NT regulator slammed over household item backflip

Buyer with the soy sauce in a store

Retail Drinks Australia has described as “farcical” the decision by the Northern Territory’s liquor regulator to crackdown on everyday household cooking and beauty items which contain small amounts of alcohol.

The regulator has said that items which contain more than 1.15 per cent ethyl alcohol ABV and come in containers exceeding 50ml are now classed as “liquor” and can only be bought from licensed premises, and are subject to the Territory’s minimum unit pricing laws.

These include everyday items such as soy sauce, teriyaki sauce and marinades, cough syrup, mouthwash, nail polish remover and vanilla essence.

Affected retailers, including grocery stores, petrol stations and pharmacy’s, all of which have sold these products for more than 40 years, have been thrown into chaos with licensing inspectors insisting products be pulled from shelves.

Julie Ryan, the CEO of Retail Drinks, says that the chaos could have been avoided.

“This issue first came to light when the Acting Director-General sent correspondence to all licensees on 5 July asserting this new interpretation of the Liquor Act 1978.

“The same correspondence suggested that in 2011 the then Northern Territory Commission determined that these products could only be sold with a liquor licence, but the reality is that neither then, nor since the start of the Act over 40 years ago, has this ever been enforced.

“We contacted Ms [Sally] Ozolins’ office and sought an urgent meeting to discuss this issue, and this interpretation which is seemingly at odds with the Chief Minister and Attorney General’s own interpretation as set out in the draft new Liquor Act currently before parliament.”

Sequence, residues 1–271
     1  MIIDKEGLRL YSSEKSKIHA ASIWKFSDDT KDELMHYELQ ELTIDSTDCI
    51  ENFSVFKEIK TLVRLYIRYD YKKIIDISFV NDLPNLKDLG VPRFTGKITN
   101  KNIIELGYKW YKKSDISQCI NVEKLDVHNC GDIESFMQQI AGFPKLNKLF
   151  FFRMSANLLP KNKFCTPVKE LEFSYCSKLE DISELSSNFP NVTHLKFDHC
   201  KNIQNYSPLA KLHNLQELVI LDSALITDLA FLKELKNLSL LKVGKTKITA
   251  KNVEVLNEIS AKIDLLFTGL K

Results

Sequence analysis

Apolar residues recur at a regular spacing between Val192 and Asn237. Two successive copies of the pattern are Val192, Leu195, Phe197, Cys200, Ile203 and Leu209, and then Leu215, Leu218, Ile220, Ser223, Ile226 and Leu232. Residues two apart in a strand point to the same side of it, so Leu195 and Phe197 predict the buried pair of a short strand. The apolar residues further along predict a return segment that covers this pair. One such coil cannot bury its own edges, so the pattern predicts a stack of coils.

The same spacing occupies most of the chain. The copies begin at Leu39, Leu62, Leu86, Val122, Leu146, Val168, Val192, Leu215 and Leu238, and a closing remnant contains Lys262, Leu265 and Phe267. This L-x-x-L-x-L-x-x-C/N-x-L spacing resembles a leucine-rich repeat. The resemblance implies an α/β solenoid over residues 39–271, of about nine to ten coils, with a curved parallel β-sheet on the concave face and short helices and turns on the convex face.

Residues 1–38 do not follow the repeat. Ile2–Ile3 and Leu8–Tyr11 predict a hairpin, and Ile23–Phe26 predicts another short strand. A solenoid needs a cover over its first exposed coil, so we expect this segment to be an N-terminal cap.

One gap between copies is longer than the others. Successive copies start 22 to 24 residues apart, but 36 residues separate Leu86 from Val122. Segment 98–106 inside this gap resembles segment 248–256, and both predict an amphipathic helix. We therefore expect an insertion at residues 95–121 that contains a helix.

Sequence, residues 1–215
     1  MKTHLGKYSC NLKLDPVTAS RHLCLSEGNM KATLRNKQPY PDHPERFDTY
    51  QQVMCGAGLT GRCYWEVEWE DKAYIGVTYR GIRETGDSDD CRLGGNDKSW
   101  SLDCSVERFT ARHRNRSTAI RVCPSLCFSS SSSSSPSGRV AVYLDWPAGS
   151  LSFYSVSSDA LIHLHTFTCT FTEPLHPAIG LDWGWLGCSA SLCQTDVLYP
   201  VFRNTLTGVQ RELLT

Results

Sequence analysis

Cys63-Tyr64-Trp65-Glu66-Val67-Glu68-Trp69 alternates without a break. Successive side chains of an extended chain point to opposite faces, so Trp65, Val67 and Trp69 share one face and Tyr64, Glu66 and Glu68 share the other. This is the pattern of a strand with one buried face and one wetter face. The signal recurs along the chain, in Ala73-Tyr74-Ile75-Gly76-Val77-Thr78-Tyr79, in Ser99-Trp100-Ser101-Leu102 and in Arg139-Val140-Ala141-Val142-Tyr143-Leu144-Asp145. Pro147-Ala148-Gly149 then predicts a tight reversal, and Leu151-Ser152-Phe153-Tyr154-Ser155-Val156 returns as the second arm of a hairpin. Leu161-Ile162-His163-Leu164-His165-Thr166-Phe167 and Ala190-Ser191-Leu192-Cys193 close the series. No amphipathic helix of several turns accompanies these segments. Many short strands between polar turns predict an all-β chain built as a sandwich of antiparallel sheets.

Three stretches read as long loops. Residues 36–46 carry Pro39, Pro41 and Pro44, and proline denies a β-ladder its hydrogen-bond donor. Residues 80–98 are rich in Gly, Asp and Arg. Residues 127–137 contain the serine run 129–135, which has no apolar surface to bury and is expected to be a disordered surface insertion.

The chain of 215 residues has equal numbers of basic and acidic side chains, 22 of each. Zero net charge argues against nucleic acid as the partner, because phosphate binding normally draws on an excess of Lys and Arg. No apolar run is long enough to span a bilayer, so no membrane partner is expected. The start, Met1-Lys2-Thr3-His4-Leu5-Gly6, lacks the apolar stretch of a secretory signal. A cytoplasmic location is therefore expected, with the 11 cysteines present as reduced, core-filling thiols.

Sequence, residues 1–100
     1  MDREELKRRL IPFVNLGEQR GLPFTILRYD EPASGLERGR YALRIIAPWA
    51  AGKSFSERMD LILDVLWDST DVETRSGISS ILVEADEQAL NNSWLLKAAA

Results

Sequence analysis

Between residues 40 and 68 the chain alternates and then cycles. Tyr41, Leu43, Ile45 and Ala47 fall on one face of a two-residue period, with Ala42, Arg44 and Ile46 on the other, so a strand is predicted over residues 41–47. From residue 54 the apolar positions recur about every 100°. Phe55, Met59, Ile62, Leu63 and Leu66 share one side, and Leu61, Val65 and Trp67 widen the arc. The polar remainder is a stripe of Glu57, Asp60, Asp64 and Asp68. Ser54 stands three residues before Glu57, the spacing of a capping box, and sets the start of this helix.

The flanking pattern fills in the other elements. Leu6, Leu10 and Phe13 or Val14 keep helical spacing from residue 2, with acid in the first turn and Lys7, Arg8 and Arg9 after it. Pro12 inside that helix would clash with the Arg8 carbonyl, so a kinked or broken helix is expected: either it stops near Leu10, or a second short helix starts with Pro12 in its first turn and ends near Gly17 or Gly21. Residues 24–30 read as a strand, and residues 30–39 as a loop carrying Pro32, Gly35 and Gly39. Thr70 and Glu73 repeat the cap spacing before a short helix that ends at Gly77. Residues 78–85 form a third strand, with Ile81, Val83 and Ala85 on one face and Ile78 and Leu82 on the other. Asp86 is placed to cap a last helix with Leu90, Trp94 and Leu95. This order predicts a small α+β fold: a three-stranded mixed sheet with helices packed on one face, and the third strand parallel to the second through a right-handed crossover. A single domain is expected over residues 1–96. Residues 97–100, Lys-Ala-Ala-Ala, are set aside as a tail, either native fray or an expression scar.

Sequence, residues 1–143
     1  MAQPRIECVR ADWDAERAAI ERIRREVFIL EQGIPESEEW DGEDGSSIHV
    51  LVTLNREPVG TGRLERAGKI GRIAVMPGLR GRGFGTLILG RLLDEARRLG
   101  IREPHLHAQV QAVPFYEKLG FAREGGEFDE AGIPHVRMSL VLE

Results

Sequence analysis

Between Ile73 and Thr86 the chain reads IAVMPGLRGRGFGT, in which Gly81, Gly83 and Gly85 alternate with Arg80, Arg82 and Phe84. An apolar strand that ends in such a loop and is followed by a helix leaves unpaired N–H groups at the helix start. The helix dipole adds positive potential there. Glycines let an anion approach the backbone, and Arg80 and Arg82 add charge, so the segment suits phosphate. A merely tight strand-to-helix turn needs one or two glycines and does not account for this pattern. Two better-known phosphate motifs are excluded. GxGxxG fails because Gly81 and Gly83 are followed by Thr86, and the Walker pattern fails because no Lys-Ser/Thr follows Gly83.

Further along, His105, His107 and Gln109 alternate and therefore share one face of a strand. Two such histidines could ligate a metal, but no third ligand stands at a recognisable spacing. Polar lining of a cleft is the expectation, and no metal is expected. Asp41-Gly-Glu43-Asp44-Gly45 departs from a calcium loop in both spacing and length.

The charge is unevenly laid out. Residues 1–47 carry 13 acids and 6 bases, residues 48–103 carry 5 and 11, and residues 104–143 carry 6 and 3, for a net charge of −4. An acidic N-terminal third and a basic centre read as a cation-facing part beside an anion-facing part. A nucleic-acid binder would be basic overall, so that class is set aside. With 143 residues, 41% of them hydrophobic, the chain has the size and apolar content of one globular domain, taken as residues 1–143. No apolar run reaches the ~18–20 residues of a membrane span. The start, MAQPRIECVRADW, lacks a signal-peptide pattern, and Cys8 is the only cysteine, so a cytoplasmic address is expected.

Under the Liquor Act 1978, Liquor is defined as “a beverage that contains more than 1.15 per cent by volume of ethyl alcohol”. This means that the Acting Director-General considers these products “beverages”. This is in stark contrast to the draft exposure bill for the new Liquor Act, in which these products are defined as “inedible alcohol”.

Ryan says this is the regulator going too far and without considering any of the unintended consequences.

“The correspondence from the NT Licensing alleges that a liquor licence is required to sell everyday items like cough syrup, mouthwash, soy sauce and vanilla essence, just to name a few.

“Taking this logically, she is essentially asserting that every pharmacy, petrol station and supermarket in NT is in breach of the Liquor Act.

“It also means that no one may buy these products, or be supplied them, unless they are over 18 and scanned into the Banned Drinkers Register.

“We call on the regulator to furnish the legal advice that supports this interpretation, otherwise this is a very misleading communication to have been distributed.”

Retail Drinks had been working with the Alcohol Review Implementation Team of the Chief Minister’s office to inform the development of the regulations on inedible alcohol, when the new Liquor Act came into effect in a few months’ time.

Their hope is that NT Licensing will cease their activities and alleged new interpretation, in favour of working collaboratively towards the new regulations to govern these substances.

Retail Drinks confirms will meet with the Acting Director-General of Licensing on Thursday, and that Retail Drinks’ request that all compliance activities be ceased in the interim has been granted by Licensing NT.

If the new restrictions are brought into place, this will then bring into question for retail staff in P&C who are under the age 0f 18.

It will mean that people under the age of 18 will not be able to sell things like nail polish remover and soy sauce due to the traces of alcohol.

There is also the question of what will happen to beverages such as kombucha, that have a very low percentage of alcohol but are still able to be sold in P&C currently.

Australasian Association of Convenience Stores (AACS) CEO Jeff Rogut said: “While these items are not huge sellers in many convenience stores it shows another example of regulators acting without consideration of all of the consequences, and does not tackle the hard social issues. Retailers are once again sift targets and it is both regrettable and farcical”.


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